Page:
Demonstrations are one of the cornerstones of art and design classes. They allow us to show and physically guide students through the steps of a process. Demos also provide both visual and auditory input, which is particularly helpful for students who process and remember best by listening and seeing.
Though they have their place in the repertoire of teaching activities, live demos also face some challenges: Student attention starts to wane after 8-10 minutes (Hartley & Cameron, 1967). Additionally, live classroom presentations are a one-shot deal; a short lapse in attention and students can find themselves lost.
Here are some suggestions to overcome the challenges that demos present for students:
Students may be working with supplies for the first time in your class, so it's important to help them understand exactly what they need and how to use these materials properly. Allow plenty of time to introduce the supplies, share any tips, and make sure students know how to use and take care of them.
Learn more: Reviewing Supplies
You rarely see chefs wash, peel and chop every vegetable — or wait for the dish to cook. They demo the highlights of the procedure and then bring out the final product to show what you’re aiming for. Follow their example and skip the steps students have already learned or can figure out for themselves. This will save time and keep students engaged.
Keep an 8-minute attention span in mind. For complex processes, demo several steps then stop to let students ask questions and try it out for themselves. Walk around to see how students are doing and provide additional clarification if needed, either individually or to the class. Continue with your demo; then repeat the process.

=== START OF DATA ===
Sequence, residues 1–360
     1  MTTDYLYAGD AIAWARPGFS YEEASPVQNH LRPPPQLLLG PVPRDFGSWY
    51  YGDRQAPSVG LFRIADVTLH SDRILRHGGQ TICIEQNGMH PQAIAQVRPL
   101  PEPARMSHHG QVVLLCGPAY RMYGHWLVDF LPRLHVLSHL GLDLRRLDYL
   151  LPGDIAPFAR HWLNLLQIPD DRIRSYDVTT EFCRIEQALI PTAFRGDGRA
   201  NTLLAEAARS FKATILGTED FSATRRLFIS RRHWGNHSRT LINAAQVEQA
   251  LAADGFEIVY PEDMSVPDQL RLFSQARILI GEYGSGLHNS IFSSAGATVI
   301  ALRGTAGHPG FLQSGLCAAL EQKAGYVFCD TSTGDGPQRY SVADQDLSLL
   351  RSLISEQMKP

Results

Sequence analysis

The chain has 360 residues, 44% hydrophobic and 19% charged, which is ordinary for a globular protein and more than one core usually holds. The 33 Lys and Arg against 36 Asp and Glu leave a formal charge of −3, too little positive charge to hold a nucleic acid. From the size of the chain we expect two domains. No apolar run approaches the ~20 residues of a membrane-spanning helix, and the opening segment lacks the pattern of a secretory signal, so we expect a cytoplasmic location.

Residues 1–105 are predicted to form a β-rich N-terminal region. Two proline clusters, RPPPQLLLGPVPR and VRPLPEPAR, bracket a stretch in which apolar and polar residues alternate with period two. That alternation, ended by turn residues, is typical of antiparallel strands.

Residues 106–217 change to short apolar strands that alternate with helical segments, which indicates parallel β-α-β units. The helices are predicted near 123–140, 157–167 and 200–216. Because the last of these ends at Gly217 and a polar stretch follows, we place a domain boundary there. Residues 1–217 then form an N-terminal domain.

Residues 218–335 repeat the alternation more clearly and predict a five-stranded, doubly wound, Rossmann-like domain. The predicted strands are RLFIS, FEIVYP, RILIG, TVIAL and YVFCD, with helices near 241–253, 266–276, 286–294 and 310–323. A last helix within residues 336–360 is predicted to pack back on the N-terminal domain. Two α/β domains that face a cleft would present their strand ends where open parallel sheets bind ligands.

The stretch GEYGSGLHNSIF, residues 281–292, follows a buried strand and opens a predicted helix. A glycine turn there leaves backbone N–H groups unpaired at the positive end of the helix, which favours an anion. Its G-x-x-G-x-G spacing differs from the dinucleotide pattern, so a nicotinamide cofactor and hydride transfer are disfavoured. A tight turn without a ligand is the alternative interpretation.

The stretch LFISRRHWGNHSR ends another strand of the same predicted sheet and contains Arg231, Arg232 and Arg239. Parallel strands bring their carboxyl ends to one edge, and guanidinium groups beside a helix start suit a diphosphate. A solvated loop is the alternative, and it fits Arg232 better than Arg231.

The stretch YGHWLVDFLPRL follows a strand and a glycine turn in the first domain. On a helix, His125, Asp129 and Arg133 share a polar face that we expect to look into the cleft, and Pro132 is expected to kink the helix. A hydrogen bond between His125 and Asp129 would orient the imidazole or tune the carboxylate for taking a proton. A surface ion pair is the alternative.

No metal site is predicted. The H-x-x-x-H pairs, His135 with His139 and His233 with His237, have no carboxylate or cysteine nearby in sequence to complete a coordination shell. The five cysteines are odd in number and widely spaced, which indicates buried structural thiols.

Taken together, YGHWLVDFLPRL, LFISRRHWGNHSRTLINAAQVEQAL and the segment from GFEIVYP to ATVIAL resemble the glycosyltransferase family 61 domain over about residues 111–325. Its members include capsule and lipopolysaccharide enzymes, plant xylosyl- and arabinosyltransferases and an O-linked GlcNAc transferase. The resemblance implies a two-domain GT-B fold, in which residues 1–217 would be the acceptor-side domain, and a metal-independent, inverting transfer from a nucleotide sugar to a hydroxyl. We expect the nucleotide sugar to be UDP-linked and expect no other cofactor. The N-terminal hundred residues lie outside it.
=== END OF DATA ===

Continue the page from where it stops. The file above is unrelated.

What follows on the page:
Learn more: Structuring and pacing a demonstration
Ask a variety of questions to find out how much students are absorbing and whether they can remember or predict the steps.
This keeps students engaged and shows you whether or not students are ready to proceed on their own.
Students are not likely to remember techniques after seeing them just once. Repeat the steps a few times to reinforce them. Have students merely watch the first time. Then demo the same process again, encouraging students to take notes. Invite students who feel confident about the process to demo as an additional review.
Rearrange students to make sure everyone can see and hear the demo. Invite shy or soft-spoken students to sit up front. Hold up the sample every now and then for everyone to see. Consider doing the demo twice— for one half of the class at a time—so that that everyone see and hear more easily. Pause between steps so that you can give students a chance to take in what you’ve presented. Watch for cues that students are losing focus (e.g., yawning, having private conversations) or not understanding, and maintain eye contact to keep students engaged.
Students can follow along more easily and remember more if they have a map of the process. Write key steps and important reminders about materials or tools on the white/chalkboard.